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On March 22, 2018, an Indiana state trial court judge granted a motion to dismiss in State of Indiana ex. rel Harmeyer v. The Kroger Co. et al. Relator Harmeyeran attorney and Kroger patron—alleged that the grocery chain knowingly failed to collect and remit state sales tax on hundreds of goods throughout the state.  Under Indiana law, the state’s gross retail tax does not apply to “food and food ingredients” but it does apply to candy, soft drinks, dietary supplements, and prepared foods.  Relator’s sixth amended complaint identified more than 1,400 food items that relator alleged were mischaracterized as tax-exempt based on the ingredients and food preparation.  For example, relator alleged that a protein bar should be classified as taxable candy rather than nontaxable food.  By classifying items as tax-exempt, relator alleged that the grocery chain cost the state millions of dollars in tax revenue each year.

The superior court judge dismissed relator’s complaint with prejudice holding that the complaint failed to meet the heightened pleading requirement of 9(b) because Harmeyer failed to allege the time, place, and method by which misrepresentations were made to the state.  The court also noted that Harmeyer, whose similar case against a grocer in another state had been dismissed, was not an employee of Kroger, had no inside knowledge of what took place within the company, and merely presumed, as he had in his other case, that the defendant’s characterization of the items as tax-exempt was false and done with reckless disregard of the truth.  While Harmeyer argued that the allegation of 1400 mischaracterizations was sufficient to plead recklessness, the court could not determine from the complaint whether this was a substantial percentage of the products sold by defendant and therefore could not presume recklessness from that number. The judge dismissed the case with prejudice, and the relator filed a notice of appeal on April 13.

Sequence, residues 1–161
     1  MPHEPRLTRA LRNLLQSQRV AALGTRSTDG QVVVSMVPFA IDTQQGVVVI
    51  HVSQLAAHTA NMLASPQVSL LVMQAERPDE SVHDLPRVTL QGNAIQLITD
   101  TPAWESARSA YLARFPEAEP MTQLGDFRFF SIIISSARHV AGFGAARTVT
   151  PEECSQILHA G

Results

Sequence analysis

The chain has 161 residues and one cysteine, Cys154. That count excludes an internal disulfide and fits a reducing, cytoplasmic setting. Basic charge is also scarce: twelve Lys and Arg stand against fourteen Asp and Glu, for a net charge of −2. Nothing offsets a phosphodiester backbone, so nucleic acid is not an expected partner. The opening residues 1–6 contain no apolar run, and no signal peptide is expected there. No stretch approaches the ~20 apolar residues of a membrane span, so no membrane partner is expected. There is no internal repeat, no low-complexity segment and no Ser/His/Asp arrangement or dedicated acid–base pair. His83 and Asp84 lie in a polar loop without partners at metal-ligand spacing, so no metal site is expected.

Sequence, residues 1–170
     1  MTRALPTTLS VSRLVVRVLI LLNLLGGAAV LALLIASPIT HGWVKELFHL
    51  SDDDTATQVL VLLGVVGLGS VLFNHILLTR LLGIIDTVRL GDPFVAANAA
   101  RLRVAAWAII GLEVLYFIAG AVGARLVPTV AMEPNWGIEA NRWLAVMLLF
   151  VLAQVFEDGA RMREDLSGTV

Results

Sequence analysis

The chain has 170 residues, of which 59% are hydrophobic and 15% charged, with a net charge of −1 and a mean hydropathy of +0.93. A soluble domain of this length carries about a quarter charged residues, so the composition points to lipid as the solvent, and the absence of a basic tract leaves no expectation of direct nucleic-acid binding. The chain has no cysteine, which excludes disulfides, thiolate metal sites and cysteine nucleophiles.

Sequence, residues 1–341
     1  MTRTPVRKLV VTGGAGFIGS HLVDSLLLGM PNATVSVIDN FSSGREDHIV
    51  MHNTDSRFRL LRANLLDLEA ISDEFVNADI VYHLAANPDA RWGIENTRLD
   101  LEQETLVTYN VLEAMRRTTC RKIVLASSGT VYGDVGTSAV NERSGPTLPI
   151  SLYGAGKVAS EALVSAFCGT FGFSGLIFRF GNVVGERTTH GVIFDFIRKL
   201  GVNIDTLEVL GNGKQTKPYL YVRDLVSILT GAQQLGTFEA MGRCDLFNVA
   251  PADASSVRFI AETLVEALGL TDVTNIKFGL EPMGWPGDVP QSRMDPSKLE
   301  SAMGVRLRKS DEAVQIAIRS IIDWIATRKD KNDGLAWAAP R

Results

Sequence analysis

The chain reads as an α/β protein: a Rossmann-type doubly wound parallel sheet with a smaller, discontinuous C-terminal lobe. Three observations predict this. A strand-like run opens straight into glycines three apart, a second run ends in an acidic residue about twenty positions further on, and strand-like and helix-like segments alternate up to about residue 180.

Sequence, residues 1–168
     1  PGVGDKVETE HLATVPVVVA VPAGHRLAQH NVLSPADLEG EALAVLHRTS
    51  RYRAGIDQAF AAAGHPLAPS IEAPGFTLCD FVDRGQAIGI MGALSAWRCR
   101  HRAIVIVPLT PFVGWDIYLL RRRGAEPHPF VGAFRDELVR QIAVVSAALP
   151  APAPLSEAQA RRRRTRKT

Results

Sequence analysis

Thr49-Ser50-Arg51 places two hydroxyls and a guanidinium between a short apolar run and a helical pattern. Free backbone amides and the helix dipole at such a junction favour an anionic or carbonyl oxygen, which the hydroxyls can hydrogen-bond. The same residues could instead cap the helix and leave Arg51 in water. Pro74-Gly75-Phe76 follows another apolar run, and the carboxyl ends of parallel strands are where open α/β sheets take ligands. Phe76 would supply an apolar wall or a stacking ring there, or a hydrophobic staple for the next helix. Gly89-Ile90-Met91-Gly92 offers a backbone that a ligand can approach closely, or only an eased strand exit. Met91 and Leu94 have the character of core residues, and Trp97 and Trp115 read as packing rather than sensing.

The dismissal is a blow to serial qui tam relators who, with no inside information, bring claims against companies based solely on a presumption that they must be non-compliant with an industry regulation.  The Harmeyer appeal will be a case worth following in light of the recent uptick in FCA litigation involving state taxes (previous post here). While a provision in the federal FCA, found at 31 USC § 3729(d), bars actions for false claims arising under the Internal Revenue Code, companies must still consider potential exposure in the jurisdictions that permit FCA suits arising from state tax matters.